At a recent donor event in Lugano, Ukraine estimated that the cost to rebuild its economy could be at least $750bn — although the war, and the counting, are far from over.
Stavnitser from the Pivdenny port said $100bn worth of goods were stranded due to the blockade, including grains, sunflower oil, iron ore and other materials. Dozens of vessels in Odesa and the surrounding ports have been unable to leave Ukrainian waters. The number will rise as Ukrainian farmers harvest crops that have no easy outlet on to global markets.
“It’s a total mess,” said Andrey Sokolov, a partner in Tully Logistics, a local services company that has been helping exporters book space on vessels loading in Danube ports such as Reni, near the Romanian border.
Ukraine’s small Danube ports have ramped up capacity, but cannot match the trade volumes that passed through the larger sea terminals. Russian missile strikes have already halted the railroad to these ports, in Odesa’s south, and are now targeting the road route too.
Industries dependent on foreign raw materials or wholesale goods have also been crippled by the blockade, said Stanislav Novykov, a local official who heads a social policy committee in Ukraine’s parliament.
As many as 40 per cent of local businesses have either partially or fully shut, he said, citing Odesa’s Stalkanat factory, one of eastern Europe’s biggest manufacturers of steel rope and wire, that was operating at just a quarter of capacity.
“There’s no confidence that anyone can sell goods, or that they can buy raw materials,” he said. “There’s also a lack of people . . . lots have gone to the frontline to defend their country.”
Odesa remains a target for Putin’s missiles and for Russian conquest. The relentless artillery bombardment up the coast in Mykolayiv could be part of Russia’s efforts to push its troops west in an effort to establish a land bridge from Donbas to Transnistria, the Moscow-backed breakaway region of Moldova, military analysts believe. Odesa would stand in the way.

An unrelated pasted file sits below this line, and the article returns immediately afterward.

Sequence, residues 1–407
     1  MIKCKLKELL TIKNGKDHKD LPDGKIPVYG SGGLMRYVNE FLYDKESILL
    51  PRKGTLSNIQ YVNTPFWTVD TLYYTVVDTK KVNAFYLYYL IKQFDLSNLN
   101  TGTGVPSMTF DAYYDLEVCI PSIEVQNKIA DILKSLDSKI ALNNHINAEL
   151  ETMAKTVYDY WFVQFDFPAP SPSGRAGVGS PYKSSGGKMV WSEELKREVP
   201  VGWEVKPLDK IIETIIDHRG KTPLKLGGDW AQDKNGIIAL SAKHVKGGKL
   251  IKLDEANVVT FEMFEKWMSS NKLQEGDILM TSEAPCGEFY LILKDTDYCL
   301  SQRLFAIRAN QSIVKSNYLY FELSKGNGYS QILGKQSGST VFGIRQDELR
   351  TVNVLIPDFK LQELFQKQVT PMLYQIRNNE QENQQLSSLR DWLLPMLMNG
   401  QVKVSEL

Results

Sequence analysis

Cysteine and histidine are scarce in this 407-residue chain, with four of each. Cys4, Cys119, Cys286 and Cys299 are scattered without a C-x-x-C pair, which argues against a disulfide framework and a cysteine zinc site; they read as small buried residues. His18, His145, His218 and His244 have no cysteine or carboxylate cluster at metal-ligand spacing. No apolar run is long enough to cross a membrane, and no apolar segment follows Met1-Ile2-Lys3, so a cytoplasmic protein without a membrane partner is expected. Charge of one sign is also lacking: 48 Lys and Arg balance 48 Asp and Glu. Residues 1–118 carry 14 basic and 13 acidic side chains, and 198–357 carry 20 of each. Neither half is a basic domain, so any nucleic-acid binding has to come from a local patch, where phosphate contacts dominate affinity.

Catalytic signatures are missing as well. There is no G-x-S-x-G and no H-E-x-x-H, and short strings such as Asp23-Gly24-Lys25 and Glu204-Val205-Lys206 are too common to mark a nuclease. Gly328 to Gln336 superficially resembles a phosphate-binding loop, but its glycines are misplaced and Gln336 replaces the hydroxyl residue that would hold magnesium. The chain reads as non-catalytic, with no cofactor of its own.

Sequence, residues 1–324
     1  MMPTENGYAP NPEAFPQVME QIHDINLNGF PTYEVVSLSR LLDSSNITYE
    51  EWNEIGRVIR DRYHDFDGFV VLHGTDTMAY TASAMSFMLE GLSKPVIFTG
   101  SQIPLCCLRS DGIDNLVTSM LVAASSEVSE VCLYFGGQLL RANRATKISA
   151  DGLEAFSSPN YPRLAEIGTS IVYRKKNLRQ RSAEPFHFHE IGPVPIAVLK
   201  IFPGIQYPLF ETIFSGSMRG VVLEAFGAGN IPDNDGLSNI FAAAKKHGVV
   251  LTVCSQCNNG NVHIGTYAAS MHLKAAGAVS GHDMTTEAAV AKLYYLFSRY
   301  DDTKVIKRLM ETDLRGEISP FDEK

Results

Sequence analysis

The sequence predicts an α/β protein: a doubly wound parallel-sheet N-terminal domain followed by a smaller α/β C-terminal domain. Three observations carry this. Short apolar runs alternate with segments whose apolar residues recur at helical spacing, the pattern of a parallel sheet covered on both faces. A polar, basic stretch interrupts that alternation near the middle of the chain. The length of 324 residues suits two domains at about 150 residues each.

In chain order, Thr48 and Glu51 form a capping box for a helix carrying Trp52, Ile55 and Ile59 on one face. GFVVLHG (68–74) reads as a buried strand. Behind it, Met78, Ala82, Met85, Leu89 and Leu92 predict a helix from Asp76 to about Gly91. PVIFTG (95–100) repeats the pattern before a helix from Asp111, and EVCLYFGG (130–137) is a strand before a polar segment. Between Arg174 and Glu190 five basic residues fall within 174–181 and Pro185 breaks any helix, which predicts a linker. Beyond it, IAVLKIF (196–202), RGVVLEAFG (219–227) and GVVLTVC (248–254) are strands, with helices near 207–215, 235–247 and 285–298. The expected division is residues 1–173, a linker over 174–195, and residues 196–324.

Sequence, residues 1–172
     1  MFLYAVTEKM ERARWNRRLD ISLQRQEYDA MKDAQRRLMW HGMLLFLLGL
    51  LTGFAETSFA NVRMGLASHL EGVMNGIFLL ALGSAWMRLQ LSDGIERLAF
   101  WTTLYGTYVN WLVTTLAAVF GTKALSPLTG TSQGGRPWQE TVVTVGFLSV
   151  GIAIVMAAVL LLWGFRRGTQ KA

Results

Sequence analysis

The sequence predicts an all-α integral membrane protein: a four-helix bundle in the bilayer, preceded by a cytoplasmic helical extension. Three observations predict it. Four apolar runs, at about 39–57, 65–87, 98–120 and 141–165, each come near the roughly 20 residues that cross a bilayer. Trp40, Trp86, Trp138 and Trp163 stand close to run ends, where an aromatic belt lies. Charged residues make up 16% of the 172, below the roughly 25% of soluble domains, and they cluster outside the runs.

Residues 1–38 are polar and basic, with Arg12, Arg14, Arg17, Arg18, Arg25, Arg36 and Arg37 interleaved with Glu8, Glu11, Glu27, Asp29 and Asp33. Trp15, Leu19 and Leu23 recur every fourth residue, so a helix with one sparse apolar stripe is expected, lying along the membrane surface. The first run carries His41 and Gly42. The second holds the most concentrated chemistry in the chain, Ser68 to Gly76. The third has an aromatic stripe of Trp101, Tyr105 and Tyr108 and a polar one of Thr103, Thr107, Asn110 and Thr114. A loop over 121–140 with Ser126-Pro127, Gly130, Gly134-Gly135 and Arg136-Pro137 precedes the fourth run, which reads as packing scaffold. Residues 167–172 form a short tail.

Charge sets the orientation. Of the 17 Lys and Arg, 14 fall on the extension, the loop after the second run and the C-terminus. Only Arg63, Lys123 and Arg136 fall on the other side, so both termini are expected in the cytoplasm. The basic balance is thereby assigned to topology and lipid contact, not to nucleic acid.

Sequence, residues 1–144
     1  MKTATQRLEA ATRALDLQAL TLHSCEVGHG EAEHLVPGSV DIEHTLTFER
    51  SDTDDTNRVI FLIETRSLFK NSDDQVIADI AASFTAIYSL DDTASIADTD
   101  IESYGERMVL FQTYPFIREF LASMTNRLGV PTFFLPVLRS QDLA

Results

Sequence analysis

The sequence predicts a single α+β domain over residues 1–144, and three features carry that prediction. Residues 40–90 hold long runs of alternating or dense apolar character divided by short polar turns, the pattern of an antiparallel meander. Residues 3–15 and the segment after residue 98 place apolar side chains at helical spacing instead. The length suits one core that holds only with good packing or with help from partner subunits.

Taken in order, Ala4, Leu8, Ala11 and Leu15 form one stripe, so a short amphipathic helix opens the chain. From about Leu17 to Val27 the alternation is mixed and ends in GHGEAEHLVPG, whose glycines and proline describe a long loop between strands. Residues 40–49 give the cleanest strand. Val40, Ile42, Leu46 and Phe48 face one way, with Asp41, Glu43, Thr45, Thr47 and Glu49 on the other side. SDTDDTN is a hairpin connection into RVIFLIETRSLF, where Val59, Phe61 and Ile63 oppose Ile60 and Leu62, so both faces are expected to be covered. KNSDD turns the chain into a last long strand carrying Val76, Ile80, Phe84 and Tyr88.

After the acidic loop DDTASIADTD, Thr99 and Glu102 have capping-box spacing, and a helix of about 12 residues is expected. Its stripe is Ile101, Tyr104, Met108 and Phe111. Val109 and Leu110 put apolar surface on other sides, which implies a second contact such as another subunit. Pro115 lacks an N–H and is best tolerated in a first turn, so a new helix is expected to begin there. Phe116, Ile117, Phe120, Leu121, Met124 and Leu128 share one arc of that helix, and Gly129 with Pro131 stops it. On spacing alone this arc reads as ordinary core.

Some in Odesa remain hopeful that the worst will pass — at least for the ports. The recent recapture by Ukraine of Snake Island, a strategic Black Sea outpost, has fuelled hopes that the blockade could be broken. Some shippers hope that talks brokered by Turkey and the UN could pressure Russia into lifting its siege.
Stavnitser said most of the ports could reopen within weeks of any deal even before the mines that guard the coast were cleared. “We know the mines map, we know how to get around them,” he said, adding that “people are eager to work, so it will be easy to get them back.”
But others are sceptical. Even assuming Russia agreed not to fire on merchant ships, which it has in recent months, insurance premiums for commercial transport could be prohibitively expensive if navy vessels continued to menace the surrounding waters.
“Do you want to know how to unblock the ports?” said Oleksandr Sytchenko, a former seaport authority official. “Destroy the Russian fleet. They won’t understand anything else.”